• 11. Limits on Parallel Performance Parallel time can be made smaller by making decomposition finer. There is an inherent bound on how fine the granularity of a computation can be. For example, in the case of multiplying a dense matrix with a vector, there can be no more than (n2) concurrent tasks. In addition, there may be communication overhead between tasks. Slide derived from: Grama, Karypis, Kumar and Gupta10/22/201811CS194 Lecure
  • 12. Shared Memory ProgrammingProgram is a collection of threads of control. Can be created dynamically, mid-execution, in some languages Each thread has a set of private variables, e.g., local stack variables Also a set of shared variables, e.g., static variables, shared common blocks, or global heap. Threads communicate implicitly by writing and reading shared variables. Threads coordinate by synchronizing on shared variablesPnP1P0s s = ...y = ..s ...Shared memoryi: 2i: 5Private memoryi: 810/22/201812CS194 Lecure
  • 13. Shared Memory “Code” for Computing a SumThread 1 for i = 0, n/2-1 s = s + sqr(A[i])Thread 2 for i = n/2, n-1 s = s + sqr(A[i])static int s = 0;Problem is a race condition on variable s in the program A race condition or data race occurs when: two processors (or two threads) access the same variable, and at least one does a write. The accesses are concurrent (not synchronized) so they could happen simultaneously10/22/201813CS194 Lecure
  • 14. Shared Memory Code for Computing a SumThread 1 …. compute f([A[i]) and put in reg0 reg1 = s reg1 = reg1 + reg0 s = reg1 …Thread 2 … compute f([A[i]) and put in reg0 reg1 = s reg1 = reg1 + reg0 s = reg1 …static int s = 0;Assume A = [3,5], f is the square function, and s=0 initially For this program to work, s should be 34 at the end but it may be 34,9, or 25 The atomic operations are reads and writes Never see ½ of one number, but no += operation is not atomic All computations happen in (private) registers9250092525935Af = square10/22/201814CS194 Lecure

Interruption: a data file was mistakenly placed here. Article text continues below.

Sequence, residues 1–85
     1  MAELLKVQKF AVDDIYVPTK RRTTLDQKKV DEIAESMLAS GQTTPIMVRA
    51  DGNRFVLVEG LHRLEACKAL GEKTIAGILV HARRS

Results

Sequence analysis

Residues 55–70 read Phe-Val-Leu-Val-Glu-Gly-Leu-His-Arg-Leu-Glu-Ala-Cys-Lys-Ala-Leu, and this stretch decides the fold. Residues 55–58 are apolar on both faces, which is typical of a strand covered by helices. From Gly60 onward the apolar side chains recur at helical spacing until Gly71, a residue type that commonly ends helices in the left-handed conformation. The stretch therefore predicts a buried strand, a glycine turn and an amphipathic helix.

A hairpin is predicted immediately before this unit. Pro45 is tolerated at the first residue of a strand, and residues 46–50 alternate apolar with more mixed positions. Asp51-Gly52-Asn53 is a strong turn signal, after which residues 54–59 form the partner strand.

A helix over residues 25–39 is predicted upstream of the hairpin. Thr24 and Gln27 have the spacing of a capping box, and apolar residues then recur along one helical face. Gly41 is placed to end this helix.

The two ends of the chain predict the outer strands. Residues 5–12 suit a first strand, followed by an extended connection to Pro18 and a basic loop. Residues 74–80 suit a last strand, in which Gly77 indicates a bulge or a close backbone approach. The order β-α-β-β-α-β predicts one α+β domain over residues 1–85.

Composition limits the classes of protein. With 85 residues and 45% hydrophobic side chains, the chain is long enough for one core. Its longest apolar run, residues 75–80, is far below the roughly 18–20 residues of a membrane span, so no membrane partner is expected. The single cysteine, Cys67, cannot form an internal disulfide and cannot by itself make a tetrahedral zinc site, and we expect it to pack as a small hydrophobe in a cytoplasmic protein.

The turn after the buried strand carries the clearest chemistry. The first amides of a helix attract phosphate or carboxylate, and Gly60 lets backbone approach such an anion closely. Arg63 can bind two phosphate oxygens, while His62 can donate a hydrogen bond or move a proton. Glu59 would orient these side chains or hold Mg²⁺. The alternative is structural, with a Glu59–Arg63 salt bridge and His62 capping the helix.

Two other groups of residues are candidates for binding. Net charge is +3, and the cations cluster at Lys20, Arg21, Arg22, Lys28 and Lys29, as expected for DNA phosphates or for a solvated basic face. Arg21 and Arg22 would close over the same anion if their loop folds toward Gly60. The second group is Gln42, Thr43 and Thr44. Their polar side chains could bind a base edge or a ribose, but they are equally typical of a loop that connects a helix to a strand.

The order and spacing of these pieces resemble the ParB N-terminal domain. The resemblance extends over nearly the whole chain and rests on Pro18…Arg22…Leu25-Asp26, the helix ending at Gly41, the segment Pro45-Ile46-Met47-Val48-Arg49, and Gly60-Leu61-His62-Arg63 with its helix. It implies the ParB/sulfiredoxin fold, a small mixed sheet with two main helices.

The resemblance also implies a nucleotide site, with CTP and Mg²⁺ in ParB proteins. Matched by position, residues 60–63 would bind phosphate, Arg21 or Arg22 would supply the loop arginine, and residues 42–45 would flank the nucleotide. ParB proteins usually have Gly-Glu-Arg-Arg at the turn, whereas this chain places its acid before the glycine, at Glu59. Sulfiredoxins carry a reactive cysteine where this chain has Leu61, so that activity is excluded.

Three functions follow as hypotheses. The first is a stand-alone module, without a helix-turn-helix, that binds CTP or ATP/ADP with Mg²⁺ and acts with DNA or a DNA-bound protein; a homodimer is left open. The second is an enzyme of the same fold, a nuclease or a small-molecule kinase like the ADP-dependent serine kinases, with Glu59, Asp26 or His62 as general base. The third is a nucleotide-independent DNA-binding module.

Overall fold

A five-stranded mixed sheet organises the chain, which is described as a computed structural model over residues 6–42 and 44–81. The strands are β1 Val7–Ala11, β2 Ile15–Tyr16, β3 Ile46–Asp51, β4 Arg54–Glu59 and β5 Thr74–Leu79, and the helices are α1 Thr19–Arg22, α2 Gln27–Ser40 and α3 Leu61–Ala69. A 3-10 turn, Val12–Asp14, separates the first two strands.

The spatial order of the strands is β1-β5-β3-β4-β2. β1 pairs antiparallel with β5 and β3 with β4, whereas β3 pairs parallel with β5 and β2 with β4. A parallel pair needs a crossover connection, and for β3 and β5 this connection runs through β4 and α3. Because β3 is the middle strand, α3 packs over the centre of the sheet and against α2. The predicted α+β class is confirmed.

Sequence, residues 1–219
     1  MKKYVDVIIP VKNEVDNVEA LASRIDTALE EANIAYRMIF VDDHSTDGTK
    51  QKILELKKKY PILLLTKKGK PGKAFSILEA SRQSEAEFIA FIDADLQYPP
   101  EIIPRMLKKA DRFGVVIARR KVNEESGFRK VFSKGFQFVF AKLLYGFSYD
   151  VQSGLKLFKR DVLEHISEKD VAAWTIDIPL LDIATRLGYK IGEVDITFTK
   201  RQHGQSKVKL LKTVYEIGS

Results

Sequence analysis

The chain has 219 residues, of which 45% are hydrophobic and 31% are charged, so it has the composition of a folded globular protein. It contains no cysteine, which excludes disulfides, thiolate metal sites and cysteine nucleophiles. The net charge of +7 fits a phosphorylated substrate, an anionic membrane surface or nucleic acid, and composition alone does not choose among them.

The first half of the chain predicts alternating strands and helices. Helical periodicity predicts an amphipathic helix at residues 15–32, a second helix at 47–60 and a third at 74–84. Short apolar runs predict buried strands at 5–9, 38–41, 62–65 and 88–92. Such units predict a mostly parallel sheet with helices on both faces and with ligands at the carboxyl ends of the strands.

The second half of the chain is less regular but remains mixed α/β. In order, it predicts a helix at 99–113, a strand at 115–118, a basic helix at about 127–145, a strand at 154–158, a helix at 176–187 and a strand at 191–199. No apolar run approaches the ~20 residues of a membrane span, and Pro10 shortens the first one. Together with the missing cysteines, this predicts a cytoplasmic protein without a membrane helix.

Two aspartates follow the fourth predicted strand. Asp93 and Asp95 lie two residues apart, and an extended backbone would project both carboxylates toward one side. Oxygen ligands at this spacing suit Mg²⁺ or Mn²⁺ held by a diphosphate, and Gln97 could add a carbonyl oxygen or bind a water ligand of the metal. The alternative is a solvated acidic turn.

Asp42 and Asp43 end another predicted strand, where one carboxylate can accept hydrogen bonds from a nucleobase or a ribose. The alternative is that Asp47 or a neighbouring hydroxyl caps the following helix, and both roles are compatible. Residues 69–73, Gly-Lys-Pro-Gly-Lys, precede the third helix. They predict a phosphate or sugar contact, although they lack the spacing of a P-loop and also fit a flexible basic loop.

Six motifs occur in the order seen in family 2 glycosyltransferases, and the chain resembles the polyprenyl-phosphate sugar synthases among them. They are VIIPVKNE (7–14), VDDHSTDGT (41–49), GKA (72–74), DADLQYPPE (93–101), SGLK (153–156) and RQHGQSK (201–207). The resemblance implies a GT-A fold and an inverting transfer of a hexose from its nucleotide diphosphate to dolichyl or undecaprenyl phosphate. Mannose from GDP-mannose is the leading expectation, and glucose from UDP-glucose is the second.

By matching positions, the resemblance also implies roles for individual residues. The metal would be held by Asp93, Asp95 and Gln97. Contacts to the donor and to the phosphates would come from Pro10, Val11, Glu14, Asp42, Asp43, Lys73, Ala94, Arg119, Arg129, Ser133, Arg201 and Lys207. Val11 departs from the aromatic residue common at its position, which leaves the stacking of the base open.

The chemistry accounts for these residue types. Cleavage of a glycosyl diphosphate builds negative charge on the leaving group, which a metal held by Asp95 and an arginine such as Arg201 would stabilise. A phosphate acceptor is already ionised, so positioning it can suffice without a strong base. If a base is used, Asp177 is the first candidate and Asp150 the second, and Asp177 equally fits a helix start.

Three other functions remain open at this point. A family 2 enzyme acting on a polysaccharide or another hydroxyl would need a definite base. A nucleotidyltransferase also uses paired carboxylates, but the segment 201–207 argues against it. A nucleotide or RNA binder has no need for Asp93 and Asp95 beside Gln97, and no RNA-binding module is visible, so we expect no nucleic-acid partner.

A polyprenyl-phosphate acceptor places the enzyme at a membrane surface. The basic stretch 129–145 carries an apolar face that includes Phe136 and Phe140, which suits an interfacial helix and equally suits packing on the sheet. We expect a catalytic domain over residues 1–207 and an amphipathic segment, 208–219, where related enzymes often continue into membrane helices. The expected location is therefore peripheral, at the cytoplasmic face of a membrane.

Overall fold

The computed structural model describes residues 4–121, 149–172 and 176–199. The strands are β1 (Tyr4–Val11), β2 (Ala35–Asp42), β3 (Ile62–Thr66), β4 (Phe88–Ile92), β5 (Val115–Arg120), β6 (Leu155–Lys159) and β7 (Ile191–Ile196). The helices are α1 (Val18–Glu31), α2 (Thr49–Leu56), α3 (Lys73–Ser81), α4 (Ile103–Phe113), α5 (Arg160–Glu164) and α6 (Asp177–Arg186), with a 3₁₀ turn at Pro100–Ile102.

• 15. Corrected Code for Computing a SumThread 1 local_s1= 0 for i = 0, n/2-1 local_s1 = local_s1 + sqr(A[i]) s = s + local_s1 Thread 2 local_s2 = 0 for i = n/2, n-1 local_s2= local_s2 + sqr(A[i]) s = s +local_s2 static int s = 0; Since addition is associative, it’s OK to rearrange order Right? Most computation is on private variables Sharing frequency is also reduced, which might improve speed But there is still a race condition on the update of shared sstatic lock lk;lock(lk);unlock(lk);lock(lk);unlock(lk);10/22/201815CS194 Lecure
  • 16. Parallel Programming with Threads10/22/201816CS194 Lecure
  • 17. Overview of POSIX ThreadsPOSIX: Portable Operating System Interface for UNIX Interface to Operating System utilities PThreads: The POSIX threading interface System calls to create and synchronize threads Should be relatively uniform across UNIX-like OS platforms PThreads contain support for Creating parallelism Synchronizing No explicit support for communication, because shared memory is implicit; a pointer to shared data is passed to a thread10/22/201817CS194 Lecure
  • 18. Forking Posix Threadsthread_id is the thread id or handle (used to halt, etc.) thread_attribute various attributes standard default values obtained by passing a NULL pointer thread_fun the function to be run (takes and returns void*) fun_arg an argument can be passed to thread_fun when it starts errorcode will be set nonzero if the create operation failsSignature: int pthread_create(pthread_t *, const pthread_attr_t *, void * (*)(void *), void *); Example call: errcode = pthread_create(&thread_id, &thread_attribute, &thread_fun, &fun_arg);10/22/201818CS194 Lecure